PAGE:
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Childhood disintegrative disorder is a type of autism spectrum disorder. Very few children meet the criteria for this particular disorder. The loss of vocabulary is more dramatic in this condition than in classical autism. This disorder is also accompanied by loss of bowel and bladder control and, in many cases, seizures and a low IQ.
What Is Childhood Disintegrative Disorder?Childhood disintegrative disorder is a type of pervasive developmental disorder (more commonly known as autism spectrum disorder [ASD]). Pervasive developmental disorders are characterized by varying degrees of impairment in communication skills and social interactions, and restricted, repetitive, and stereotyped patterns of behavior.
Related StatisticsVery few children diagnosed with autism spectrum disorder meet the criteria for childhood disintegrative disorder. An estimate based on four surveys of autism spectrum disorder found fewer than 2 children per 100,000 with autism spectrum disorder could be classified as having childhood disintegrative disorder. This suggests that the condition is a rare form of autism spectrum disorder. This disorder is far more common in males than in females.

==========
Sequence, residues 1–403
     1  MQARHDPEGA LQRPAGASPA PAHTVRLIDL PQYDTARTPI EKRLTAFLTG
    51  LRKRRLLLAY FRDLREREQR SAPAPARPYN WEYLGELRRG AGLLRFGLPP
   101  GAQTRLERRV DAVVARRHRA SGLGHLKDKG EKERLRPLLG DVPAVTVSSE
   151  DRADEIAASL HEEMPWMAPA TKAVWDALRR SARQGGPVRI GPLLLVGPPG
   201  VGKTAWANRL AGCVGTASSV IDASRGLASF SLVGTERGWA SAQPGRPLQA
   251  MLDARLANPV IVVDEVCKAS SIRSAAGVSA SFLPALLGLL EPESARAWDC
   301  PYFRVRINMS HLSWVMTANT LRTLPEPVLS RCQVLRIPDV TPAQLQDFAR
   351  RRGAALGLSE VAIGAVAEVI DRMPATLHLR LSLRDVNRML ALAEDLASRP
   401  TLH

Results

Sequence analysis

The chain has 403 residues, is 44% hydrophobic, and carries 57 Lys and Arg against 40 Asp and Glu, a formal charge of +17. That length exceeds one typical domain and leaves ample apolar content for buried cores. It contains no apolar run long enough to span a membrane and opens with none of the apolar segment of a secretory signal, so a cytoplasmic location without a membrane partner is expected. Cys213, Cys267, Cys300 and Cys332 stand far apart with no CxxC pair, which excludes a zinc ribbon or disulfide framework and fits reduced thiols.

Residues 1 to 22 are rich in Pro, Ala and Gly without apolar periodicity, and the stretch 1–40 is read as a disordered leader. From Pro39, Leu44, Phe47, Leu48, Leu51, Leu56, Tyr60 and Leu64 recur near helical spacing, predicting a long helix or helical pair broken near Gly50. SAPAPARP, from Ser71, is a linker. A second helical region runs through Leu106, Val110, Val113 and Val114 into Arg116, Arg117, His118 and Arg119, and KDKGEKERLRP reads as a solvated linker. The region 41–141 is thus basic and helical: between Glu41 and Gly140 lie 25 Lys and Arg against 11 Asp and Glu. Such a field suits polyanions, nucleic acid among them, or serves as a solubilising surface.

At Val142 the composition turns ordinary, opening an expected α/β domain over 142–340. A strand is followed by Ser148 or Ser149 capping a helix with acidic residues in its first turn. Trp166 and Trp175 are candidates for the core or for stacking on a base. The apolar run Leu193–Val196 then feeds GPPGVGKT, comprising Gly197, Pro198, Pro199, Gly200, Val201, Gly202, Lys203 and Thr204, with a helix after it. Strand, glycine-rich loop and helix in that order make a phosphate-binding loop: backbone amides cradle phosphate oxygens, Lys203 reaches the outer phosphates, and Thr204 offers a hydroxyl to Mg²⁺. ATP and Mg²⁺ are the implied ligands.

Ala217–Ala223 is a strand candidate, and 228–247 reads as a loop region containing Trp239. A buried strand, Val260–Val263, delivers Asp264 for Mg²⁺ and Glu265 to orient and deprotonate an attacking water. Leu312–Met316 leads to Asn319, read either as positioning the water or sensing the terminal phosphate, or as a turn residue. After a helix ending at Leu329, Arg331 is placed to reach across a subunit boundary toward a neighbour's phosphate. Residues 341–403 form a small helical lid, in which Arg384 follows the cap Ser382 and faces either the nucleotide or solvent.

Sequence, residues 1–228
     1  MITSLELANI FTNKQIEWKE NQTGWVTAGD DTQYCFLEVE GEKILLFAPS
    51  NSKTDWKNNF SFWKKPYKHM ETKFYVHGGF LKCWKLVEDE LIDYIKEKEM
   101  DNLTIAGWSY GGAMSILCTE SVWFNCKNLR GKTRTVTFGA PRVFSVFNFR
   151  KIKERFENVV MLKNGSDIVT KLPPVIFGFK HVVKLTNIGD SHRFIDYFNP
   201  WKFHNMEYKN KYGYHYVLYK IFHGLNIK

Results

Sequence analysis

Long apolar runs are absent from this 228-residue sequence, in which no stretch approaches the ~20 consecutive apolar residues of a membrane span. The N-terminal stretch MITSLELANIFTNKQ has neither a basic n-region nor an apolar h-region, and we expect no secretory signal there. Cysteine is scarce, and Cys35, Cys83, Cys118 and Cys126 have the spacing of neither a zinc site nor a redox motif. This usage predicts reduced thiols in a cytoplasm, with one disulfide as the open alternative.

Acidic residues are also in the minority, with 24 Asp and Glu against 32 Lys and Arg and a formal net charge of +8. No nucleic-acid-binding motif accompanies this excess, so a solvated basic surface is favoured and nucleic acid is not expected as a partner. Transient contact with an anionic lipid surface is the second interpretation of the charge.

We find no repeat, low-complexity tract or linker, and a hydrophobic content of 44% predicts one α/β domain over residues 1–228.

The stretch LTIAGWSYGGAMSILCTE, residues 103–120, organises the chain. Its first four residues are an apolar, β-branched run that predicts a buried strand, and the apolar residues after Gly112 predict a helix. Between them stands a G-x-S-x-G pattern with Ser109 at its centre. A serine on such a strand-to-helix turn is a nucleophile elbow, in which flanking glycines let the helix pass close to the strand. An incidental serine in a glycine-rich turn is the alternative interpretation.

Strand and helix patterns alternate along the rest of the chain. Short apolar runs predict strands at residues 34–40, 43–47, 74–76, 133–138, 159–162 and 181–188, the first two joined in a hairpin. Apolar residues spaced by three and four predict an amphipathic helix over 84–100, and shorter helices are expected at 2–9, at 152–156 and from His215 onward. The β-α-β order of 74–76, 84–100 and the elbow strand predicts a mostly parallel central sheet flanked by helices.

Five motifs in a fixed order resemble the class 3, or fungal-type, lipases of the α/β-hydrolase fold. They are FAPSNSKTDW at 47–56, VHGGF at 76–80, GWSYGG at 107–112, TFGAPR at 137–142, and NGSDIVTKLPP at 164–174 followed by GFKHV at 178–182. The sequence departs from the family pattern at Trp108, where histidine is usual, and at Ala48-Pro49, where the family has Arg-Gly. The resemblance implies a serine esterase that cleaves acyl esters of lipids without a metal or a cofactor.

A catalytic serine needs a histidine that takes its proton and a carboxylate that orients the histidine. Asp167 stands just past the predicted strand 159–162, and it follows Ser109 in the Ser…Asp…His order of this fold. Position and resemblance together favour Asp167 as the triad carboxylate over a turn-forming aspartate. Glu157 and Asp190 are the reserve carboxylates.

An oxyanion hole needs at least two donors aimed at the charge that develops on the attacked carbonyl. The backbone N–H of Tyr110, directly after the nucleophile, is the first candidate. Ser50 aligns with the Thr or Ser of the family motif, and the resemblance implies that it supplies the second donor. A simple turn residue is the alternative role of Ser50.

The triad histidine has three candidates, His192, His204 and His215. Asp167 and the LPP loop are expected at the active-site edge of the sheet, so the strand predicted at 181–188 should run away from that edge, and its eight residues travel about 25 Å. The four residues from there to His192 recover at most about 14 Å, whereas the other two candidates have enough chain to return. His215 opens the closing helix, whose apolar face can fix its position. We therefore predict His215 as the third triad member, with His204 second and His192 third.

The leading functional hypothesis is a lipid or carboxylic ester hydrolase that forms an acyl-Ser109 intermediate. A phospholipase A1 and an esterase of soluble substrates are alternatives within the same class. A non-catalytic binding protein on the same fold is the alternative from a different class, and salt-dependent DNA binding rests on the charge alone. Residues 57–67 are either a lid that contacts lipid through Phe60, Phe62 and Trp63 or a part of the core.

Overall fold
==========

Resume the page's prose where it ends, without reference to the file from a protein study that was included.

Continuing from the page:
Symptoms of Childhood Disintegrative DisorderChildhood disintegrative disorder symptoms may appear by age two, but the average age of onset is between three and four years of age. Until this time, the child has age-appropriate skills in communication and social relationships. The long period of normal development before regression helps differentiate this disorder from Rett syndrome.
How Is It Diagnosed?The loss of vocabulary is more dramatic in childhood disintegrative disorder than it is in classical autism. The diagnosis requires extensive and pronounced losses involving motor, language, and social skills.
Childhood disintegrative disorder is also accompanied by loss of bowel and bladder control, and oftentimes seizures and a very low IQ.